How to Have a Personal Touch, Even Remotely

Personal Touch

As the current environment continues, everyone is getting up to speed on working and learning remotely. As a key member of the IT team, you may already be quite comfortable working virtually. That may not be true for many of your users and they may need some help from you for how to successfully work remotely. Here are 5 tips to help you help your users maintain a personal touch in their communication.

1.      Time zones matter. One benefit (and also downside) of working remotely is that we can be working all of the time or choose times outside of traditional office hours to work.  Remind your users that other team members might not be working when they’re working, so it’s important and courteous to be cognizant of time zones and working schedules.

2.      Devices and channels matter. Most of your users will be using multiple devices, such as phone, desktop, and tablet with multiple channels such as chat, text, email, and hangouts to communicate and collaborate. It might be helpful to establish some general guidelines that will help your users understand when to use each device and channel.

3.      Assume your colleagues are busy.  Just because someone is working remotely doesn’t mean they are available on demand. If you can, make calendars visible so people can respect free and busy times. People are busy and may not be keeping their calendars up-to-date. Encourage people to keep their calendars current and before setting up a meeting to ask if a spot is open.

4.      Show how to use technology to be more productive. Many users may not know all the ins and outs of the technology they are using.  For example, do they know how to schedule emails so they are sent during office hours? Do they know how to set up alerts and notifications?  Do they know how to set up rules to filter emails? Can you help them set up push notifications? Do they know the etiquette for participating in a chat or forum such as using pings, etc.? Consider scheduling some quick tutorials to address these kinds of questions.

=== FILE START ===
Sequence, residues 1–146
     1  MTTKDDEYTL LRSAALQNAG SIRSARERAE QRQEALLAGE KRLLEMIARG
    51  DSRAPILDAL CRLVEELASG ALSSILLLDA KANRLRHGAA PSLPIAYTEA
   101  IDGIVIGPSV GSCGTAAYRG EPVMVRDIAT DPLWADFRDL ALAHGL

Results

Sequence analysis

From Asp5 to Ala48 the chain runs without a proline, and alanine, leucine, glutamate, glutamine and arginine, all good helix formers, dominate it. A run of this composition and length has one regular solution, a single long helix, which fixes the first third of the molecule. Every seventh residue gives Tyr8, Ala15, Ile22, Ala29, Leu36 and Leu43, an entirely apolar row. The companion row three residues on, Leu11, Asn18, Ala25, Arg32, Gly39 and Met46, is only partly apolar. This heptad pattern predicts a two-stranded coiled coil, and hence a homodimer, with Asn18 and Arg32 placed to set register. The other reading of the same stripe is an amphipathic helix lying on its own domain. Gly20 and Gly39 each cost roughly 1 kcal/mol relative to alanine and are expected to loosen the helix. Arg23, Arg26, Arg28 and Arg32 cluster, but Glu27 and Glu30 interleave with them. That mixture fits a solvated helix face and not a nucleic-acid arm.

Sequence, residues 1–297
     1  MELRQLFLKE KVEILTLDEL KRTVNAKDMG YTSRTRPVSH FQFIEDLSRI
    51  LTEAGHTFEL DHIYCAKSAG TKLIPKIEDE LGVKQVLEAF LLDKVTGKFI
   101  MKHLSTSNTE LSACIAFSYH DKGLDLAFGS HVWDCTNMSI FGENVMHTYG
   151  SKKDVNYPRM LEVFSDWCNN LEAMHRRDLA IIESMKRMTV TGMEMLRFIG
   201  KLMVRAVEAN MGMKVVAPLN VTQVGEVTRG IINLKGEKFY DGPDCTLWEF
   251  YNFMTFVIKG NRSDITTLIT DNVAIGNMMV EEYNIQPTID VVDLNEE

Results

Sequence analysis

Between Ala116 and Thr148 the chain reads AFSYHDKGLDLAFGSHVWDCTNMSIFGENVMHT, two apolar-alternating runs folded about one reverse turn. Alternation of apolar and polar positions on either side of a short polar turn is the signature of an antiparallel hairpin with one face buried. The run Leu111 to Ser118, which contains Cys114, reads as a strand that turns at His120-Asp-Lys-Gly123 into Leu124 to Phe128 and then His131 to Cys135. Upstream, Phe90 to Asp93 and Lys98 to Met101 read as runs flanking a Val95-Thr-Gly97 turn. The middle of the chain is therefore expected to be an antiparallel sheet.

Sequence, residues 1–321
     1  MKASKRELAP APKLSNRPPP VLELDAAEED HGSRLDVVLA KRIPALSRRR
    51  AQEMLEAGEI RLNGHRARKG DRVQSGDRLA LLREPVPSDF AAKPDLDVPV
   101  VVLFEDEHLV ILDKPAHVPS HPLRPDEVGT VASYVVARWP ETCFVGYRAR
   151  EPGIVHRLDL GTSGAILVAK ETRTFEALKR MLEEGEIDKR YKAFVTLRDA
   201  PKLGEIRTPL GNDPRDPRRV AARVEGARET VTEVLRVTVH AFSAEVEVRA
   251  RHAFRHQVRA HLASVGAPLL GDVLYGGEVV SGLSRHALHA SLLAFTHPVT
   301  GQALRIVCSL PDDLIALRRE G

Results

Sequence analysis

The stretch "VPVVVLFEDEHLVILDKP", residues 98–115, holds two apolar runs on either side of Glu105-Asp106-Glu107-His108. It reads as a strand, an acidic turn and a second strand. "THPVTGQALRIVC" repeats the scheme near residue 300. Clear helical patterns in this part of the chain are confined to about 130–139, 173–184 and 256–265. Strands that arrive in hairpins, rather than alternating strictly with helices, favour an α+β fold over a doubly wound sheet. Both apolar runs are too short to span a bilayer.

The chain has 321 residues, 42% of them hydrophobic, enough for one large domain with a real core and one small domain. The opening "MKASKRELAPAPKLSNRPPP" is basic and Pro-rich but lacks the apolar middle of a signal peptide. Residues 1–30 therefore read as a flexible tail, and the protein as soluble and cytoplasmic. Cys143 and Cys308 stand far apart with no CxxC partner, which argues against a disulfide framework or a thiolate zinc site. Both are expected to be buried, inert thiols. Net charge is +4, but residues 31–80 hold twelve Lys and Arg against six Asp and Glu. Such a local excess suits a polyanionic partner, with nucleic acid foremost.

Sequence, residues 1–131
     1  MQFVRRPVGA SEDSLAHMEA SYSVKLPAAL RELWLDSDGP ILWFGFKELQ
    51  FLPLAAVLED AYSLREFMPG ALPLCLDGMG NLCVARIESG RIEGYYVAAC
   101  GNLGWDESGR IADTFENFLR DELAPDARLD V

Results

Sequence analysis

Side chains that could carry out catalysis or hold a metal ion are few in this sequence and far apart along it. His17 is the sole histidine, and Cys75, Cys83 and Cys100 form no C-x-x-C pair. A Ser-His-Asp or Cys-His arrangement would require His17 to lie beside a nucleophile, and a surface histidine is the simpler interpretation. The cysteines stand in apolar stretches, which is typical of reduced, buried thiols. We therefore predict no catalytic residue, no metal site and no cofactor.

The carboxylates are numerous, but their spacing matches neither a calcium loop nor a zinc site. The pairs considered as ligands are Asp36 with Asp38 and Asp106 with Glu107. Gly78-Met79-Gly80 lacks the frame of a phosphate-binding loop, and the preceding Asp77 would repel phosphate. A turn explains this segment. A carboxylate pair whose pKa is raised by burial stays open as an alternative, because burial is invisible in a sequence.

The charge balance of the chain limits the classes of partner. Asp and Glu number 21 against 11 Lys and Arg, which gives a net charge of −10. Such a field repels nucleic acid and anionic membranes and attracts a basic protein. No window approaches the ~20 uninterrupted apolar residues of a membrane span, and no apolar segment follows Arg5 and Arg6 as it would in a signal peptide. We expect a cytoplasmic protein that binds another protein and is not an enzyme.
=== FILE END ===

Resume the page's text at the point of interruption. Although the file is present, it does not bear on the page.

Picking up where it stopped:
5.      Recommend apps designed to help them be more productive.  Your users may know the apps they need to do their job but may not be as familiar with apps that help them collaborate better. Investigate some of these apps and create a list of recommendations.

Make sure all your users have the right gear to work alone and together.  Don’t let them flounder and try to troubleshoot their technology. Be proactive. IT people are comfortable identifying and fixing “bugs” and troubleshooting technical issues.  Apply the same process to how your users will be interfacing with all of the technology to anticipate the “bugs”.  

Filed under: Productivity